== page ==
The NHL landscape has been marred by tragedy this offseason with the recent deaths of Derek Boogaard, Rick Rypien and now Wade Belak. It’s possible that their passing in such close proximity is entirely coincidental and a mere artifact of chance alone. Sometimes unlikely occurrences don’t necessarily carry graver implications.

The fact that each guy wasn’t merely a hockey player but an enforcer is highly suggestive, however, especially given the growing awareness around brain trauma and chronic traumatic encephalopathy (CTE). In May, I wrote an article on the potential risks associated with CTE and how enforcers may be putting their future physical and psychological health on the line for a role whose benefits were, at best, unclear.

The growing battle over fighting in the sport seems to revolve around the degree to which concussions and/or physical maladies may or may not influence health of current enforcers, particularly in light of the recent tragic passing of men who were perhaps too young to have succumbed to a long-term, chronic issue like CTE. However, the relationships between health, depression, suicide and substance abuse is far more complex than drawing a single, causal line between concussions/chemical misbalance and premature death. The life of an enforcer is replete with stress, anxiety, pain and isolation which, when mixed with certain idiosyncratic factors, may give rise to psychological pathologies, even in the absence of degenerative brain damage.

Many ex-enforcers have gone on record to express the extreme levels of stress they go through in anticipation of a fight. Former tough guy Brantt Myhres’ career was ended by a George Laraque punch which broke his eye socket. In discussing the fight years later Myrhes,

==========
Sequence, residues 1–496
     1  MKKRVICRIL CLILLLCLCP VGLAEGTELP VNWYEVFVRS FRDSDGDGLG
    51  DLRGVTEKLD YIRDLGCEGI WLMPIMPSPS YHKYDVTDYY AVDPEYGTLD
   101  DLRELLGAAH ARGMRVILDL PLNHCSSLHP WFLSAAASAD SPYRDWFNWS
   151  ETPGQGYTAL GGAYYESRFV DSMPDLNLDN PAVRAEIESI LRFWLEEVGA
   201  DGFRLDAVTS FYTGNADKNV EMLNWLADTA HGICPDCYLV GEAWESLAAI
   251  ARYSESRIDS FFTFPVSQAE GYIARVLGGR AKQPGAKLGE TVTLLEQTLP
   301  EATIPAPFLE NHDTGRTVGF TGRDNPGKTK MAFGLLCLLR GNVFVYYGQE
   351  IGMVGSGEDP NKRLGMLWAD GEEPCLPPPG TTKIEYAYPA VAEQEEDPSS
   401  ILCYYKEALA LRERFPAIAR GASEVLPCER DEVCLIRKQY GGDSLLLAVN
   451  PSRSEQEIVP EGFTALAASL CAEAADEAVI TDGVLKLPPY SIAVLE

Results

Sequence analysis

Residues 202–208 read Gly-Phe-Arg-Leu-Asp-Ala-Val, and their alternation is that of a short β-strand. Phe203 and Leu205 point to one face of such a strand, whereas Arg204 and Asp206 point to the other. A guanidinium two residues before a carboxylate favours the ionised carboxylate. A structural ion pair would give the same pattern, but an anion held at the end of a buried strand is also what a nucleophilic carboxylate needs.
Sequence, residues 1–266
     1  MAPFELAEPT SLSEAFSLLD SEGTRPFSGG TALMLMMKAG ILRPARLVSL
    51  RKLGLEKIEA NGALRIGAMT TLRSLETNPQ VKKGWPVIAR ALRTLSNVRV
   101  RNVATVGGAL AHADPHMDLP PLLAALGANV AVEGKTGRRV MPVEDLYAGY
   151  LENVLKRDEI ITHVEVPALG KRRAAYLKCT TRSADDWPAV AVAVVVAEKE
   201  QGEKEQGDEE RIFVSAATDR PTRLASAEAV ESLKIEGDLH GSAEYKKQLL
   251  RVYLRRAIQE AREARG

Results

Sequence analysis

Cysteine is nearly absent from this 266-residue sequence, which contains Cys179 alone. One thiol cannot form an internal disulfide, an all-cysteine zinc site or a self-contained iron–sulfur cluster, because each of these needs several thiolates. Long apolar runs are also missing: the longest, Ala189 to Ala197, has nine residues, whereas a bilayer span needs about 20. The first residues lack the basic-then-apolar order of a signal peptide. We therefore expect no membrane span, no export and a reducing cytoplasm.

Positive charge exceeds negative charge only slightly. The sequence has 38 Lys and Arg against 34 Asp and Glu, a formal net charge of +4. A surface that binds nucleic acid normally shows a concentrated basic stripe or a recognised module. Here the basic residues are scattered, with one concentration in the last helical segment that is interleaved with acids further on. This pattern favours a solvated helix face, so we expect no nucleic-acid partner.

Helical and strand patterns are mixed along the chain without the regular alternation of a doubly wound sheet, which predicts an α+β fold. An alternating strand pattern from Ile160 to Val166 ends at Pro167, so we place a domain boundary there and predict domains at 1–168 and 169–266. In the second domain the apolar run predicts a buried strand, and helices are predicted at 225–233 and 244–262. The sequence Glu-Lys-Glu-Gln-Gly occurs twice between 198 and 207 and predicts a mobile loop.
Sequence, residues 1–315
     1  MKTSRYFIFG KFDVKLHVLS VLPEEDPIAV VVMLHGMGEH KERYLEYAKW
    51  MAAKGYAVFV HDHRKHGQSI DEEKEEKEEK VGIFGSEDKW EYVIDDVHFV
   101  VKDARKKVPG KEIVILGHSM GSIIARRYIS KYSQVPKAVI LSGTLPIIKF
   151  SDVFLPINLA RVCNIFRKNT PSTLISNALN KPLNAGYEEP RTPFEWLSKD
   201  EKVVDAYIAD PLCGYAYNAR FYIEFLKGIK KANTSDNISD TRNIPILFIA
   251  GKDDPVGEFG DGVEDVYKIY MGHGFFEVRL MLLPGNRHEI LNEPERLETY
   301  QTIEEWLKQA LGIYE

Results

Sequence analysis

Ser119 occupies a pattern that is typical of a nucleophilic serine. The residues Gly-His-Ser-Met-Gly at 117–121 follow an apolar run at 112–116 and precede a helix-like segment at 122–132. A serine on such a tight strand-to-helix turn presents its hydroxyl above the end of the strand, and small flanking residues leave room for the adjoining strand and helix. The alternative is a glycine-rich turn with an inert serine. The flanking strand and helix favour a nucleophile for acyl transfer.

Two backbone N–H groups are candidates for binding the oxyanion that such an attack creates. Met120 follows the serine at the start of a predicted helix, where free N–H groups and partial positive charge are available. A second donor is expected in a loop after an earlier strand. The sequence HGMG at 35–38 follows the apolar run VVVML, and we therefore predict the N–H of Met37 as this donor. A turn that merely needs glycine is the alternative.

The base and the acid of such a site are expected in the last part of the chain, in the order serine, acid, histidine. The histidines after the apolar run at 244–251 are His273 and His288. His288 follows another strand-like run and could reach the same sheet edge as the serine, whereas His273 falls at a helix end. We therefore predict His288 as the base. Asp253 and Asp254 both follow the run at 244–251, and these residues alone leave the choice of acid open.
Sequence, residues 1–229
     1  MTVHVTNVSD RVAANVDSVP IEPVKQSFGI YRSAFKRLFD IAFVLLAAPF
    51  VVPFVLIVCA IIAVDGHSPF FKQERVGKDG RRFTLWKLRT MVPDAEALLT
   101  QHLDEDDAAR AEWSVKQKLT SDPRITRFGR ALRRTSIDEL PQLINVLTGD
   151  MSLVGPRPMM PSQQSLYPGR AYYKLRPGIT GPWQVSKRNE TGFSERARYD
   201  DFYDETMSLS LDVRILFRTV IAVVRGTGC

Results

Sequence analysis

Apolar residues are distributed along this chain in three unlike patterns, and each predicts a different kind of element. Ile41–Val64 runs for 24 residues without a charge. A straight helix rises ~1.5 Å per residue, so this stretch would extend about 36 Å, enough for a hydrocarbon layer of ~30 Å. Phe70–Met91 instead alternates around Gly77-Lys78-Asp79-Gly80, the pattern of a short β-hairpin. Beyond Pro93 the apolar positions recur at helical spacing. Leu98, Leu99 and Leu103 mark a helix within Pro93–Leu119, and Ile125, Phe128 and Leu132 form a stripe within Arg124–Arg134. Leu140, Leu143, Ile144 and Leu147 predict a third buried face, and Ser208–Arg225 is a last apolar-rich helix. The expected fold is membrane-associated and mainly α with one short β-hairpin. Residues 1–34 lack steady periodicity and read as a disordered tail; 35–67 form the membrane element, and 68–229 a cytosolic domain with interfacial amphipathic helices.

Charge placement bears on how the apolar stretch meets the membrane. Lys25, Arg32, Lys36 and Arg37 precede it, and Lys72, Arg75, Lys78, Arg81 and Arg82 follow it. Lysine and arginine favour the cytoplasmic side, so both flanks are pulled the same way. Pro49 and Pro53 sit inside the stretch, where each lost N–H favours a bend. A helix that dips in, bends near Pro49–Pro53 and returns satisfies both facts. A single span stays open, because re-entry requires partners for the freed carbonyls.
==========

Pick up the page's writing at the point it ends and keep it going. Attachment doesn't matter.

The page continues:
said his stomach was churning before that Oilers game. He knew he’d have to fight Laraque.

“I was in bed, sick in the afternoon.

I didn’t even eat a pre-game meal. I knew I was over the edge.”

Enforcers are often portrayed as the prototypical warrior on the ice: a man who fearlessly gives no quarter. Truth is, however, even tough guys have a lot to fear when it comes to dropping the gloves. Outside of the potential for physical pain and injury is the possibility of  losing the fight and being humiliated in front of thousands of fans as well as their team mates. In addition, since enforcers are often at the fringes of the roster, each guy is always a bad fight away from losing his place on the team. Each tussle isn’t merely about trying to avoid getting hurt: it’s about saving face and trying to keep a job.

Such acute, variable bouts of stress can have deleterious effects on psychological and physical health. In fact, an increased risk of coronary heart disease has been linked with job strain; that is, occupations which rate low on decision control but high on psychological demand. Waiters/waitresses and nurses are examples of jobs that rank high in terms of job strain – the demands on their time/abilities is large, but their ability to influence decisions or control their environment is relatively low. It’s no stretch to suggest “NHL enforcer” is another occupation that would rank high in terms of job strain.